Forum for Science, Industry and Business

Sponsored by:     3M 
Search our Site:

 

World's smallest snake found in Barbados

05.08.2008
The world's smallest species of snake, with adults averaging just under four inches in length, has been identified on the Caribbean island of Barbados.

The species -- which is as thin as a spaghetti noodle and small enough to rest comfortably on a U.S. quarter --was discovered by Blair Hedges, an evolutionary biologist at Penn State.

Hedges and his colleagues also are the discoverers of the world's smallest frog and lizard species, which too were found on Caribbean islands. The most recent discovery will be published on 4 August 2008 in the journal Zootaxa.

Hedges found the new snake -- a type of threadsnake -- in a tiny forest fragment on the eastern side of Barbados. He believes the species is rare because most of its potential habitat has been replaced by buildings and farms. "Habitat destruction is a major threat to biodiversity throughout the world," he said. "The Caribbean is particularly vulnerable because it contains an unusually high percentage of endangered species and, because these animals live on islands, they have nowhere to go when they lose their habitat."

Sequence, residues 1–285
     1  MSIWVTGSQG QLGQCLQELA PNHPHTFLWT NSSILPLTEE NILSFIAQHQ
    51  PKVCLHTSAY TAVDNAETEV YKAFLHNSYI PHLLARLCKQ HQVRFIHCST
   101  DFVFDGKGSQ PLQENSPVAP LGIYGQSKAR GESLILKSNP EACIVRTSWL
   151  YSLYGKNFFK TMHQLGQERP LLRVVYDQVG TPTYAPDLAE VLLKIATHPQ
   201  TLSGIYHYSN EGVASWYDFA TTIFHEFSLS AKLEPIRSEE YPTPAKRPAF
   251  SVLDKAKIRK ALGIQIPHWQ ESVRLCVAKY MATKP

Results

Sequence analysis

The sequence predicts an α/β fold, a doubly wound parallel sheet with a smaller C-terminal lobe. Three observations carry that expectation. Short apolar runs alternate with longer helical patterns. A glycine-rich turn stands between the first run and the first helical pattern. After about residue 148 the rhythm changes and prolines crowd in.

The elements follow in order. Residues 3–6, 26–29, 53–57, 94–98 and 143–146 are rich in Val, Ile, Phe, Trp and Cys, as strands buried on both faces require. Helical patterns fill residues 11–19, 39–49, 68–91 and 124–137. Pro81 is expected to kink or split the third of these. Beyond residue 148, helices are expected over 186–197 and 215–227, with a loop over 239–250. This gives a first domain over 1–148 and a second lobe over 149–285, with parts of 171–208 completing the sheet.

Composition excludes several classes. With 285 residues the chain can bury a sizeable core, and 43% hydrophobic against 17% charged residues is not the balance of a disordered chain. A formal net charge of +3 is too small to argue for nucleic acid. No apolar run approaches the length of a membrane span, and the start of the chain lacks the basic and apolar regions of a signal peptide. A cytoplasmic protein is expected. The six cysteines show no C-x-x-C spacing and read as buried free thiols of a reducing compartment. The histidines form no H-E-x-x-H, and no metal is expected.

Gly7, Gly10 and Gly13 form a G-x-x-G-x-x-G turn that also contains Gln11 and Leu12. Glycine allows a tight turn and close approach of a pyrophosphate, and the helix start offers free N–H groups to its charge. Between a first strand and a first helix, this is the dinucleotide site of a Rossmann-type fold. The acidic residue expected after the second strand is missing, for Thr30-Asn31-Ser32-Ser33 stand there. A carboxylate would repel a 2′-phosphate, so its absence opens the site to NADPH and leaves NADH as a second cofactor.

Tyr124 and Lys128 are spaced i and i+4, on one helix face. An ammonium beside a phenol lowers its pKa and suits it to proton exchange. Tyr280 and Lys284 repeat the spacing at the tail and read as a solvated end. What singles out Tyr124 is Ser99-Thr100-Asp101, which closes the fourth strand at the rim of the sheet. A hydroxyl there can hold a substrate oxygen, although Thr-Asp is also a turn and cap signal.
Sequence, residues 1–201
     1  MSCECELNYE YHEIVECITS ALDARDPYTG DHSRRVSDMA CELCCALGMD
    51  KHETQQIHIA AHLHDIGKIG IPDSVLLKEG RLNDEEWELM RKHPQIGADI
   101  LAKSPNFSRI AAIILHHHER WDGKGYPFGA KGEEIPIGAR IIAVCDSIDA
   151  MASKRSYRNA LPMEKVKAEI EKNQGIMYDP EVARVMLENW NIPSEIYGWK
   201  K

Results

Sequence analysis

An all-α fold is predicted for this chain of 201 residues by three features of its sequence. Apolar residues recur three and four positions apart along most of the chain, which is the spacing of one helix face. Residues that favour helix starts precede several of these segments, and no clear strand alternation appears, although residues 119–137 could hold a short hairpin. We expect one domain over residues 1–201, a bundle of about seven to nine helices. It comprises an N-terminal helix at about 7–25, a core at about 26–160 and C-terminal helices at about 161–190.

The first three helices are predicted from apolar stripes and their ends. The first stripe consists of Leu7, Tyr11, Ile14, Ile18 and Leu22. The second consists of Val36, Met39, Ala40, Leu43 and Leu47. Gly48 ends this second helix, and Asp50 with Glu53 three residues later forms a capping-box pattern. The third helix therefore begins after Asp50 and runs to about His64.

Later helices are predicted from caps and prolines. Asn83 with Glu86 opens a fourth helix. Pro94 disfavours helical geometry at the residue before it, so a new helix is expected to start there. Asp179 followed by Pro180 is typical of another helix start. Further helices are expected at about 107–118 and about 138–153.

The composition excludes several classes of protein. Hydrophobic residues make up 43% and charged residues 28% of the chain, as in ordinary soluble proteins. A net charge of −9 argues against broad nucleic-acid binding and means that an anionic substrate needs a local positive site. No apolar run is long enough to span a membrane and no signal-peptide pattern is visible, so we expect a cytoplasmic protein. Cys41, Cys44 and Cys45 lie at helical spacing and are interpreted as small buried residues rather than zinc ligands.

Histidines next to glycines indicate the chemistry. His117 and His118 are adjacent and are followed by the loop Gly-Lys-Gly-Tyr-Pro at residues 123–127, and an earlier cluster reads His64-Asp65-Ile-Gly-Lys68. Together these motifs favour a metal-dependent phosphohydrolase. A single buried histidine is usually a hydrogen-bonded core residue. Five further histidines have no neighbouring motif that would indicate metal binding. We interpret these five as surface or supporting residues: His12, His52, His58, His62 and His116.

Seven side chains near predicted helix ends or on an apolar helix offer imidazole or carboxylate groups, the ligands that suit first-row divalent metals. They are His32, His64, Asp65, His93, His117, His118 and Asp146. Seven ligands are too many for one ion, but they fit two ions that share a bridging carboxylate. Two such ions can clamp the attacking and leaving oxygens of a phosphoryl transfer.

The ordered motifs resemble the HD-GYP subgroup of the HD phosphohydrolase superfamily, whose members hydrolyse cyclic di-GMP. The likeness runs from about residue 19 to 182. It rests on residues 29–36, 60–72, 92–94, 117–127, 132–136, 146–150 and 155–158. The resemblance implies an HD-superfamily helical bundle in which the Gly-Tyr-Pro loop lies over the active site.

... more about:
»Hedges »amphibian »hatchlings »smallest »species

Hedges determined that the Barbados species is new to science on the basis of its genetic differences from other snake species and its unique color pattern and scales. He also determined that some old museum specimens that had been misidentified by other scientists actually belong to this new species.

Scientists use adults to compare sizes among animals because the sizes of adults do not vary as much as the sizes of juveniles and because juveniles can be harder to find. In addition, scientists seek to measure both males and females of a species to determine its average size. Using these methods, Hedges determined that this species, which he named Leptotyphlops carlae, is the smallest of the more than 3,100 known snake species.